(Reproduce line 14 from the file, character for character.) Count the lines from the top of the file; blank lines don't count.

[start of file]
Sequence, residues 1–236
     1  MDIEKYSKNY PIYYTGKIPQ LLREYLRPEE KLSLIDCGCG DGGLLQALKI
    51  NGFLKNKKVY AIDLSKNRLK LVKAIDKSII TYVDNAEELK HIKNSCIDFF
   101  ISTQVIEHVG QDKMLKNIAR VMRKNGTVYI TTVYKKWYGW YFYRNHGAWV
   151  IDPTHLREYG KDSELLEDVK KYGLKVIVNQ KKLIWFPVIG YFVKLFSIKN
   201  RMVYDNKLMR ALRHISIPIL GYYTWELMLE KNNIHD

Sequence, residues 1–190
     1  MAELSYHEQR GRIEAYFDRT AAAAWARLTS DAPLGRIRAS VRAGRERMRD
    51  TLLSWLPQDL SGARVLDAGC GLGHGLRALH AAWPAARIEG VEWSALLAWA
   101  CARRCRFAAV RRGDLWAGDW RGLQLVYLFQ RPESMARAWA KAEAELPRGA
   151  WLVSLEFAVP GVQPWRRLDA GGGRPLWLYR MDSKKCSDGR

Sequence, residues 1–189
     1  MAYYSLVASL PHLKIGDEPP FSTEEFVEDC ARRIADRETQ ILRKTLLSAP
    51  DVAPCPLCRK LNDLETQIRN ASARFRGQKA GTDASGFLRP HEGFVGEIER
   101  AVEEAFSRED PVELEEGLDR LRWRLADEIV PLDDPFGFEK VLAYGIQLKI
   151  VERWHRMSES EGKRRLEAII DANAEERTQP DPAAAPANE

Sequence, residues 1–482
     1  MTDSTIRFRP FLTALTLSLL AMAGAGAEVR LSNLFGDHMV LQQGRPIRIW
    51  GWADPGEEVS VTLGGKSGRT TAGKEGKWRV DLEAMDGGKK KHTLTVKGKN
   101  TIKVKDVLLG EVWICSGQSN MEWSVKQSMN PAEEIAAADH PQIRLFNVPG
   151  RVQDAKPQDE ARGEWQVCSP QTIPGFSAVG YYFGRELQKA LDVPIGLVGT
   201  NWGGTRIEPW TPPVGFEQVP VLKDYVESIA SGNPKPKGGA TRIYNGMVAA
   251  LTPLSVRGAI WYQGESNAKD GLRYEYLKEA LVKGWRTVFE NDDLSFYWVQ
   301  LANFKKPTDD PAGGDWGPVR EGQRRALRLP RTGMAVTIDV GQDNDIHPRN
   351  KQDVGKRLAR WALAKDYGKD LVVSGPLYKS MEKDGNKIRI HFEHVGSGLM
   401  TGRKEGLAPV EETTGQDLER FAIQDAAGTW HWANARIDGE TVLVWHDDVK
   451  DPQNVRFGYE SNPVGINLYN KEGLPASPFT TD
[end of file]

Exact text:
    51  DVAPCPLCRK LNDLETQIRN ASARFRGQKA GTDASGFLRP HEGFVGEIER